Why An MBA Will Still Boost Your Job Prospects

Are MBA Job prospects and salaries up or down? Is b-school still worth the cash? Conflicting reports filter through the b-school world. We speak to recruiters and MBA applicants to find out the truth.

The earning potential of an MBA degree is what attracts corporate leaders and entrepreneurs to the world's top business schools.

And many still see annual lists of employment figures and MBA Rankings as crucial in deciding which school to attend.

So it might come as a surprise that commentators still lambast the b-school staple as no longer valuable to have, citing an increased amount of MBA graduates and rising competition in the MBA Jobs market.

The rising cost of MBAs, which at top b-schools can cost as much as $100,000 per year, is also a constant criticism. You may also have to quit your job or postpone it, taking one, or often two, years out of industry.

When Tony Beshara, president of Babich & Associates - a recruitment firm in the US - hinted that MBAs just aren't worth it anymore, he became the latest in a long line of critics of the MBA community: "It's a big myth. It doesn't make you a better professional. You're either good or you ain't," he was quoted as saying by Business Insider.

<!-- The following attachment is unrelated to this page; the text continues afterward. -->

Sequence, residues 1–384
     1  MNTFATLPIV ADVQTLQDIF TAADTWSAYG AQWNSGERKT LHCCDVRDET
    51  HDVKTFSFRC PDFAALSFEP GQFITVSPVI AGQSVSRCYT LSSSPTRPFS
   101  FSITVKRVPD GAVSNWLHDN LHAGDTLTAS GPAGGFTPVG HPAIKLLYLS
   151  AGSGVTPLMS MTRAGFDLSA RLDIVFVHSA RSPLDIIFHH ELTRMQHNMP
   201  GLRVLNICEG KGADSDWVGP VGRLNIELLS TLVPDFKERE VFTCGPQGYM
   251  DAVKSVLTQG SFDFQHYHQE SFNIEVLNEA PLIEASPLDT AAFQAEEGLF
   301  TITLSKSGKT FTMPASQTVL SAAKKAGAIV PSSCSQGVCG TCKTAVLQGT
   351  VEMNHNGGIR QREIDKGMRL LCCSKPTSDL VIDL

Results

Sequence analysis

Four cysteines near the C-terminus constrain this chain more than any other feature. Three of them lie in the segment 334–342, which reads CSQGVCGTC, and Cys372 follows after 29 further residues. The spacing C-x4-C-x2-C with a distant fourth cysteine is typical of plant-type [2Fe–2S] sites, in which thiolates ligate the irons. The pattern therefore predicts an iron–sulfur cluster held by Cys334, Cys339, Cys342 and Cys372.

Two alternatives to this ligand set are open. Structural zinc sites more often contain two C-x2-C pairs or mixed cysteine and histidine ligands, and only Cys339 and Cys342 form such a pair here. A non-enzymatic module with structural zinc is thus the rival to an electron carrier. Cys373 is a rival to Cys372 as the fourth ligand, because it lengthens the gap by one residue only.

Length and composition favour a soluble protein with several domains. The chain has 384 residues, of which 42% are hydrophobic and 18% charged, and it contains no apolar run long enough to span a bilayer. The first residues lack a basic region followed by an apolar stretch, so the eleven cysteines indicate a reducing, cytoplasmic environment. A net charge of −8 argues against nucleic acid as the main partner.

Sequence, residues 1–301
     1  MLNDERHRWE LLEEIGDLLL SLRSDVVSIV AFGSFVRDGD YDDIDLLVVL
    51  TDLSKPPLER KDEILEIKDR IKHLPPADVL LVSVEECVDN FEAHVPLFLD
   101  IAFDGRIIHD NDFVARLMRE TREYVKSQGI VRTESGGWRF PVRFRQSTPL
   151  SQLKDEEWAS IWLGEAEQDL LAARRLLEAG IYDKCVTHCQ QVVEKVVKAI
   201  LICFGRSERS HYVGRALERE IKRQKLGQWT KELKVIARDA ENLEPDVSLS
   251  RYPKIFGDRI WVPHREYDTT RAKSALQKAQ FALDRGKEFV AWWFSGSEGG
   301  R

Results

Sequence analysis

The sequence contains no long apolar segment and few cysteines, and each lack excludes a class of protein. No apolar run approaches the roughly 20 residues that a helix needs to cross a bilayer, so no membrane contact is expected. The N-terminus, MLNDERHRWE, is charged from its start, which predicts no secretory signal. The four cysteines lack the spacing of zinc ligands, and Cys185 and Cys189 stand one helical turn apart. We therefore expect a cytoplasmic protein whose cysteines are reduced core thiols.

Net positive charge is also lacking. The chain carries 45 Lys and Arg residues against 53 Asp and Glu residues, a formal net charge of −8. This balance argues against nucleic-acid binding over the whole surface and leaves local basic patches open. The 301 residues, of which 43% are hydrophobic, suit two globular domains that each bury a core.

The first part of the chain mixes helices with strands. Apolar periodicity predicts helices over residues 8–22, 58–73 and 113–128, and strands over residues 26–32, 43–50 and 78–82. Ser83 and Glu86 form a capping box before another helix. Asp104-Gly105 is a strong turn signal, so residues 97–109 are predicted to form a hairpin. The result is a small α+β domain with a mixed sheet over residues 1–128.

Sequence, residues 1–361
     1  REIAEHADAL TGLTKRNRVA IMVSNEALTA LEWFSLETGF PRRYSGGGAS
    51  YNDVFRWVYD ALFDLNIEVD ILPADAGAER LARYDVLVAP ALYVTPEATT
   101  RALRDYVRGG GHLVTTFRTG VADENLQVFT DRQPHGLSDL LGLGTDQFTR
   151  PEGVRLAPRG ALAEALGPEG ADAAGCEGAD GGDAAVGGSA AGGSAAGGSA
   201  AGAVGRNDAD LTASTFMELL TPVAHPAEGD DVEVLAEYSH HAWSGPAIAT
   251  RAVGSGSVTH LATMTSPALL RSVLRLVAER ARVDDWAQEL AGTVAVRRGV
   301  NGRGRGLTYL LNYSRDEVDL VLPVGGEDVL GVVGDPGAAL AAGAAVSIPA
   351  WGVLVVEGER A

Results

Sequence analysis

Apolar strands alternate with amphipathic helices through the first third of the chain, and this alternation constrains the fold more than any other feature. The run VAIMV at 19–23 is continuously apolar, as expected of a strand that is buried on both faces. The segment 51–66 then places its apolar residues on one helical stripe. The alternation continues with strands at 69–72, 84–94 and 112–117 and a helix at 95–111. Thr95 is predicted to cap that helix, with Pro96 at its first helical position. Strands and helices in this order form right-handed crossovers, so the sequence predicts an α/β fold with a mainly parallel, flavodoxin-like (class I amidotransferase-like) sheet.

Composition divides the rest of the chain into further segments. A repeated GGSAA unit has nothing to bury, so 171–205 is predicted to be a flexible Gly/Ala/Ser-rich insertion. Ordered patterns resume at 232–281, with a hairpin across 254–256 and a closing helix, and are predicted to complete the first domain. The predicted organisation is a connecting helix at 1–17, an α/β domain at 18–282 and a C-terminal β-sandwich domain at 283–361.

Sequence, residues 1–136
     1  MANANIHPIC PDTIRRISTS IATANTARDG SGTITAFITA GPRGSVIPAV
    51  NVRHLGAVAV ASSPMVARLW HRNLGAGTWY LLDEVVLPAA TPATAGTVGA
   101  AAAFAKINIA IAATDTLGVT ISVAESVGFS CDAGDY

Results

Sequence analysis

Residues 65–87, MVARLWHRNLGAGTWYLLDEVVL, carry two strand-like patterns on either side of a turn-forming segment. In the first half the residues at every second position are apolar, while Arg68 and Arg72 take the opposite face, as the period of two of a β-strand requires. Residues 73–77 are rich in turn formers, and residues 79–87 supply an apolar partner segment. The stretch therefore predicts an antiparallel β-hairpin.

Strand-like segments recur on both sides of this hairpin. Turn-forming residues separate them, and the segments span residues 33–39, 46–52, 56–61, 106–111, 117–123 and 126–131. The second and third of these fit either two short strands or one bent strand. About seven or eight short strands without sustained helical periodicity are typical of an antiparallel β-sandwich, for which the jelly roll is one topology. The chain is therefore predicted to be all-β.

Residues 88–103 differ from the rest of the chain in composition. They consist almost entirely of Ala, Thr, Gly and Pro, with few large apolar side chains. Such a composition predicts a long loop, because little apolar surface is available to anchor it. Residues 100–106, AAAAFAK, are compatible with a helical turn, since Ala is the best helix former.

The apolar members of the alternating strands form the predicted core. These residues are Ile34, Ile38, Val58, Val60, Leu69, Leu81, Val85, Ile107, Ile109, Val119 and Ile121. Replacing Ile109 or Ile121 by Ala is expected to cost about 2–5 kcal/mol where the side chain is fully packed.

"I have never in 38 years had a company hire a candidate because or not because they had an MBA. And I would certainly never quit my job to go to business school so I can go out and get a better one."

Yet, many more recruiters have praised the hiring of MBAs, and many cite an increasing demand. Our Inside View section gives readers the low-down on how to break into some of the world's most popular firms.

Last month Erika Neumann, a recruiter from Schindler Group, told BusinessBecause that they actively seek MBAs and often hire from b-schools such as INSEAD, London Business School and St. Gallen: "Every year we recruit a number of MBAs for specific positions, help them identify their potential and develop the individuals to gain expertise in a field - or a leadership position.